So even talented leaders, like President Obama, can make many “beginner’s mistakes” once they assume rule because they haven’t been properly trained to assume command at the highest levels of government (see, e.g., "Obama, Explained," The Atlantic Magazine, March 2012). Leaders in China are not likely to make such mistakes because of their experience and training.
Once Chinese leaders reach positions of political power, they can make decisions that consider the interests of all relevant stakeholders, including future generations and people living outside the state. In multi-party democracies with leaders chosen on the basis of competitive elections, by contrast, leaders need to worry about the next election, and they are more likely to make decisions influenced by short-term political considerations that bear on their chances of getting re-elected. The interests of non-voters affected by policies, such as future generations, are not likely to be taken seriously if they conflict with the interests of voters.
Moreover, the fact that the real power holders in Western-style democracies are supposed to be those chosen by the people in elections often means that “bureaucrats” are not considered to be as important; hence, less talent goes to the bureaucracy. This flaw may be particularly clear in the American political system.
A recent conversation with a young recipient of a Rhodes scholarship is revealing. She is interested in international affairs, and I suggested that perhaps she can join the US State Department, but she said that she had been warned that the department has many mediocre people, and it’s hard for people of talent to succeed in that setting. In contrast, the Chinese political system does not clearly distinguish between “bureaucrats” and “power holders,” and thus ambitious people of talent are not discouraged from joining the political system at the lower levels, with the hope of moving upwards.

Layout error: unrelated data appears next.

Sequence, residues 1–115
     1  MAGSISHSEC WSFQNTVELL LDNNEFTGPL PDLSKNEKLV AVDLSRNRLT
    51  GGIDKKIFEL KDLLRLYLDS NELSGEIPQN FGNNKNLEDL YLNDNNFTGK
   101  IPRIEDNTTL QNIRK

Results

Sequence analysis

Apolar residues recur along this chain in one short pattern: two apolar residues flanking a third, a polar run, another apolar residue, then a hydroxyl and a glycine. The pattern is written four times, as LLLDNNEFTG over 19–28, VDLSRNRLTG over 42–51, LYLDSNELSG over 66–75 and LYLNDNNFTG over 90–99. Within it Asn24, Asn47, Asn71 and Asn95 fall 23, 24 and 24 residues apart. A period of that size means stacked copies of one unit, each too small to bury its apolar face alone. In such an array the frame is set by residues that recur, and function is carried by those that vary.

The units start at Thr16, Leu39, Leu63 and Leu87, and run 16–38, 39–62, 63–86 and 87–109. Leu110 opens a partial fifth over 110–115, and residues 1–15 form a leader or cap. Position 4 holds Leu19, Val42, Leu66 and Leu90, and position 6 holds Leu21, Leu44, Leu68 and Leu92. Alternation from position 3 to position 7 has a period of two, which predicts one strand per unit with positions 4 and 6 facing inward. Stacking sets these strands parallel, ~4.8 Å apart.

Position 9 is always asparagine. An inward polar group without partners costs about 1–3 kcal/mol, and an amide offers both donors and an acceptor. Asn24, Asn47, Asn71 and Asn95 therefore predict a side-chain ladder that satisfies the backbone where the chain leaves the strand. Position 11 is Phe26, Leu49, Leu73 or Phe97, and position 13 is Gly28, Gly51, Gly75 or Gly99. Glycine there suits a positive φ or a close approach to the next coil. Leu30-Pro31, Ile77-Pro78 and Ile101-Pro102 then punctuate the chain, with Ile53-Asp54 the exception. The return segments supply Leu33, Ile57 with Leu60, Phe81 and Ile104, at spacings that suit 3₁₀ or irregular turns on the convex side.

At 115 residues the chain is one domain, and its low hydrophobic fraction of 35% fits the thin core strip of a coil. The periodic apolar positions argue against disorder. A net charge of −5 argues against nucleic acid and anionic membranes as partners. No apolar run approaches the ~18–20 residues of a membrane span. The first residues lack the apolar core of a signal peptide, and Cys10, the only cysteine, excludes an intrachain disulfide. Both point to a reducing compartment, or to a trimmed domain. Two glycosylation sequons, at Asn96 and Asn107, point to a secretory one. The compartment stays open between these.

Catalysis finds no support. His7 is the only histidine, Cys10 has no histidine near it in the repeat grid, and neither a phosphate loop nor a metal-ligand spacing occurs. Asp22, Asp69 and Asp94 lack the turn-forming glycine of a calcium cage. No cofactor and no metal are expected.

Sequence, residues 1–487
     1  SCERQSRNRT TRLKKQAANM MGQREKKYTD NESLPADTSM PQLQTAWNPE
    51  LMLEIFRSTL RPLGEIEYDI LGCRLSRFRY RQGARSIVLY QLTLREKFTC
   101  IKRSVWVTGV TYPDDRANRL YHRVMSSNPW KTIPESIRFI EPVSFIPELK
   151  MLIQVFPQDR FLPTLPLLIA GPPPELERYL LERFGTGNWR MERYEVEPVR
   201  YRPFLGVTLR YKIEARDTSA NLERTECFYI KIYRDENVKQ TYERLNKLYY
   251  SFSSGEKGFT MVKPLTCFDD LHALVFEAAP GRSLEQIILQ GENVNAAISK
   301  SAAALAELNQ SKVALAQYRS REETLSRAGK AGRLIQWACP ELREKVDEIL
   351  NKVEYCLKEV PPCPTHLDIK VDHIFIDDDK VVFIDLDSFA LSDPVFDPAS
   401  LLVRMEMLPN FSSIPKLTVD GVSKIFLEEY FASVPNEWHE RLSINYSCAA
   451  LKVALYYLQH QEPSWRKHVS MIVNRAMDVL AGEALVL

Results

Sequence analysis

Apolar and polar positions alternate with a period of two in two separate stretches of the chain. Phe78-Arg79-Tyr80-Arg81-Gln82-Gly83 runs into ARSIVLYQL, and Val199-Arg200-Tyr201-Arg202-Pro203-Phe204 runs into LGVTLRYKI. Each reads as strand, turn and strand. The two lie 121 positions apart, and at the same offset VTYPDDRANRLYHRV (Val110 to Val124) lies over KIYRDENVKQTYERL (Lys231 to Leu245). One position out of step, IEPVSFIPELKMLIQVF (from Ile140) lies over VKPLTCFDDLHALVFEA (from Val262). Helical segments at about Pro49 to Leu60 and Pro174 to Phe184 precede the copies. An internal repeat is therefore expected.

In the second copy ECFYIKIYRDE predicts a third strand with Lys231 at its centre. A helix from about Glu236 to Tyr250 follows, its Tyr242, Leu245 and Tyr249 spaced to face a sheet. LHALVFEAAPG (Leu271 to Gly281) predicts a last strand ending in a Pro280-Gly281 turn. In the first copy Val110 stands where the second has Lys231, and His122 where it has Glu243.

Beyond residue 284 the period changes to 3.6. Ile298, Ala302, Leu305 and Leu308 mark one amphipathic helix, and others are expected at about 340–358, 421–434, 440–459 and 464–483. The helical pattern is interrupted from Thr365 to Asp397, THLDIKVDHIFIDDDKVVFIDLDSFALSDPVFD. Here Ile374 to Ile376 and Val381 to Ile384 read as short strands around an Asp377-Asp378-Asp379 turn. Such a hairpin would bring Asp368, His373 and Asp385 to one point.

However, Chinese-style meritocracy may not be universalizable. For one thing, it may only be stable in a political culture that values political meritocracy: As noted above, political surveys show that people in East Asian countries with a Confucian heritage tend to value political meritocracy, but the same may not be true in other cultures.
For example, the American political culture has developed a strong “anti-elitist” ethos, so it is hard to imagine support for meritocratic one-party rule. This is not to deny that there are elitist elements in the American political system (for example, recent US presidents are graduates of Harvard and Yale), but political leaders tend not to be too open about such elitist characteristics.
More important, it is difficult to imagine major constitutional reform of the US political system that would encourage more meritocracy. (It is possible to foresee change for the worse – e.g., more militarism in the event of another major terrorist attack on American soil – but not change for better.)
In contrast, the Chinese constitutional system seems more amenable to substantial political change if circumstances require.
That said, there may be ways to improve Chinese-style political meritocracy. Actually, I’m not sure about this, because my views are still not sufficiently well grounded in a deep understanding of the political system, so let me just ask some questions.